American Nomad Blog
About this blog
American Nomad covers the best of U.S. travel—from vacation deals to festivals, weekend getaways, travel tips, and more. A seasoned traveler and Moon author, Laura is the perfect guide to help discover new gems when traveling domestically.
- A Southern Girl's Wintertime Adventure in Yellowstone
- One Novelist's Odyssey Across America
- Gearing up for a Family Camping Trip
- Mint Juleps and More at Oak Alley Plantation
- Avoiding Identity Theft While on Vacation
- Money-Saving Travel Tips from Nomadic Matt
- Fashion, Fun, and Convenience for the Modern Traveler
- In Search of Irish Museums Across America
- The Inspiring Journey of a Solo Kayaker
- Getting Fit for Treks in Yosemite and Elsewhere, Part 2
- Getting Fit for Treks in Yosemite and Elsewhere, Part 1
- Experiencing Yosemite with YExplore
- Two Travel Contests Worth Mentioning
- A Word About the TSA's No-No List
- A Reader's Advice About Airport Security
Blues and Barbecue on Beale
Last month, someone asked me for some advice about traveling in Tennessee. Naturally, that got me thinking about my favorite spots in the Volunteer State, from Ruby Falls (1720 S. Scenic Hwy., 423/821-2544, daily 8 a.m.-8 p.m., $16-44 adults, $8-23 children 3-12), an impressive underground waterfall in Chattanooga, to the renowned Grand Ole Opry (2802 Opryland Dr., 615/871-6779, hours and prices vary) in Nashville, where I once witnessed the zany antics of Minnie Pearl.
Another must-see destination is, of course, Great Smoky Mountains National Park (865/436-1200, daily, free), the nation’s most visited national park, an incredibly scenic place to hike, fish, camp, have a picnic, ride a horse, or view wildlife and wildflowers. No matter when you visit, you should climb (or ski) to the top of 6,643-foot-high Clingmans Dome, the highest point in Tennessee and a picturesque spot to watch the sunrise or sunset. Even on the foggy day that I last visited, the vista was truly incredible – and knowing that I was straddling the border between Tennessee and North Carolina was pretty awesome, too.
But you definitely can’t leave Tennessee without visiting the Beale Street Historic District in downtown Memphis. Like Bourbon Street in New Orleans, Beale Street is the perfect nightlife spot for lovers of groovy Southern music and mouth-watering Southern cuisine. Situated on a short stretch of historic Beale are several hoppin’ music clubs, fun-lovin’ eateries, and combinations of the two, including Pig on Beale (167 Beale St., 901/529-1544, daily, $5-20), which features delicious barbecue chicken and ribs, plus live rockabilly, honky-tonk, and bluegrass music, and B.B. King’s Blues Club (143 Beale St., 901/524-5464, daily, $8-23), the ultimate spot for live blues and a quintessential place for Southern vittles like fried green tomatoes, classic gumbo, fried catfish, and barbecued meats galore. Before the sun goes down, you might also want to tour the Memphis Rock ‘n’ Soul Museum (191 Beale St., 901/205-2533, daily 10 a.m.-7 p.m., $10 adults, $7 children 5-17), with seven galleries devoted to the history of rural culture, soul music, and pioneers like B.B. King and Roy Orbison.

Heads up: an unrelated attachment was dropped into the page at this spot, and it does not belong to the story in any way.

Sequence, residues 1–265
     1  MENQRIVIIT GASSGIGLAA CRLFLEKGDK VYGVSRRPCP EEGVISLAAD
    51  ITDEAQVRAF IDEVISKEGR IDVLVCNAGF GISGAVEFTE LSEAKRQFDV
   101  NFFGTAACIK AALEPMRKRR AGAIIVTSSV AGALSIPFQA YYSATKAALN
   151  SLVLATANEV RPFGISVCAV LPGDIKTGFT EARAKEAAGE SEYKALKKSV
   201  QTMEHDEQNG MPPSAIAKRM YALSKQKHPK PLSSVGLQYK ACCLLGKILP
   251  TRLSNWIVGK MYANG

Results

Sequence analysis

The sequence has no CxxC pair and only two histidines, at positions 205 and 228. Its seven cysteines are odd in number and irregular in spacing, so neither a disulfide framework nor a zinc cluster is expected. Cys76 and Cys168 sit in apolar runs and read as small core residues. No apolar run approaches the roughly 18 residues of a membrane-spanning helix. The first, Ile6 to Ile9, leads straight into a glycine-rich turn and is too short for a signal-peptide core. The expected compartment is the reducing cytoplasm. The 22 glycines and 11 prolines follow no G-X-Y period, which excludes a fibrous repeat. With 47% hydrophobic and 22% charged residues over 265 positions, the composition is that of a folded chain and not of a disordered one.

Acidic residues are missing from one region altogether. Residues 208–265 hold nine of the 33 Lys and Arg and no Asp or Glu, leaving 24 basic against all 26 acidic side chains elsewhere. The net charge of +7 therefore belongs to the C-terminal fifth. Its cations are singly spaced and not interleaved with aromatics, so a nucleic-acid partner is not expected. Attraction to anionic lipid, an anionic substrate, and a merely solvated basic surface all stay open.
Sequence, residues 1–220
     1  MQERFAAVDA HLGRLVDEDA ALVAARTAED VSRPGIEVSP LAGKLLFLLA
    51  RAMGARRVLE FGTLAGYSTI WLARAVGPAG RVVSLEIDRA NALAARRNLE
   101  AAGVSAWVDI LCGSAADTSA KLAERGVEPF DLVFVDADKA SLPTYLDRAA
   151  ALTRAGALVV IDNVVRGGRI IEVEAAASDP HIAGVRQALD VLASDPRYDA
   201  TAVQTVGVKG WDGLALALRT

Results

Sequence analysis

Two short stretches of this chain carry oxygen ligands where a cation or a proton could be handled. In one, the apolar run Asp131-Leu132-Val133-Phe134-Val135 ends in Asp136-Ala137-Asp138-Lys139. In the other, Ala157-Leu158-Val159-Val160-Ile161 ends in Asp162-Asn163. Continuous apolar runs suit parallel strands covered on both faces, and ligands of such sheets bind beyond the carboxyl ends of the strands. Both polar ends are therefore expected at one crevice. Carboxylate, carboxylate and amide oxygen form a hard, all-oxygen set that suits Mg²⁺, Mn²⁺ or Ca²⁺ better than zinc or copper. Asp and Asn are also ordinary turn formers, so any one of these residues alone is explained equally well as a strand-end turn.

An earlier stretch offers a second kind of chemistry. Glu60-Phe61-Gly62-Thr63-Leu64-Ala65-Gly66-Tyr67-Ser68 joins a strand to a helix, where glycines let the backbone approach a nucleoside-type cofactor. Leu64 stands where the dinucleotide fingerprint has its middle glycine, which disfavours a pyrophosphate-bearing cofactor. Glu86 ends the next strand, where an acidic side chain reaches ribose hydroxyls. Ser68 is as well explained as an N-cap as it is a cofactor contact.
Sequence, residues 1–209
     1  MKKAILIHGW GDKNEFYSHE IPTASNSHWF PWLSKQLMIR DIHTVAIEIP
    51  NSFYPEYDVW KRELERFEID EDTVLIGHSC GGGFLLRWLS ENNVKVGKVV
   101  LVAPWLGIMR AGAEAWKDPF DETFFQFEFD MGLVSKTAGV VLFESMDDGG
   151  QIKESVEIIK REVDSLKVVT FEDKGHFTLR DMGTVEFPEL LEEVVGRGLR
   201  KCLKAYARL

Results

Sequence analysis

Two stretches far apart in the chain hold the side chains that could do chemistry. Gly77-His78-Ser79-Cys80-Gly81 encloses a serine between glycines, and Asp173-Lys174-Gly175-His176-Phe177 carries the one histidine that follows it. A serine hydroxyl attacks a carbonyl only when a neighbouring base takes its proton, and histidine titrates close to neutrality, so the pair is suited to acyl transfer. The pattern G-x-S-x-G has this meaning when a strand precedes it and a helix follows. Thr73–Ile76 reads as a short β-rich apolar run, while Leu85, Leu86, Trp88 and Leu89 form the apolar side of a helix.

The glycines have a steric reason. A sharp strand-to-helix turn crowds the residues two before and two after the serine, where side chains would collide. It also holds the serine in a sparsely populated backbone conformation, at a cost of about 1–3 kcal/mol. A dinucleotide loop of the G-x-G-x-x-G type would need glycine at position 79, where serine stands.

Of course, Beale Street isn’t the only destination worth seeing in Memphis, a legendary town alongside the Mississippi River. Before leaving, you should venture beyond Beale and sample slabs of beef and pork ribs at Neely’s Bar-B-Que (670 Jefferson, 901/521-9798, daily, $7-20), a well-favored barbecue joint made even more famous by the Neelys’ cooking show on the Food Network. History buffs should visit the Stax Museum of American Soul Music (926 E. McLemore Ave., 901/946-2535, hours vary seasonally, $12 adults, $11 seniors and students, $9 children 9-12, children under 9 free), which pays tribute to celebrated musicians like Otis Redding, Isaac Hayes, Tina Turner, and Aretha Franklin, and the National Civil Rights Museum (450 Mulberry St., 901/521-9699, hours vary seasonally, $13 adults, $11 seniors and students, $9.50 children 4-17) at the Lorraine Motel, where Dr. Martin Luther King, Jr., was assassinated on April 4, 1968. If you’re willing to spend a hefty amount of moo-lah for the privilege of seeing Elvis Presley’s former mansion, stables, airplanes, automobiles, and rock-‘n’-roll and Hollywood memorabilia, be sure to save an entire day for the Graceland experience (3765 Elvis Presley Blvd., 901/332-3322, hours vary seasonally, $28-69 adults, $25-69 seniors, students, and children 13-18, $12-69 children 7-12, children under 7 free).
No matter what your schedule and budget will allow, you’re sure to enjoy a visit to Tennessee, a Southern state known for its gorgeous scenery and rich musical heritage. For more information, contact the Tennessee Department of Tourist Development (800/462-8366).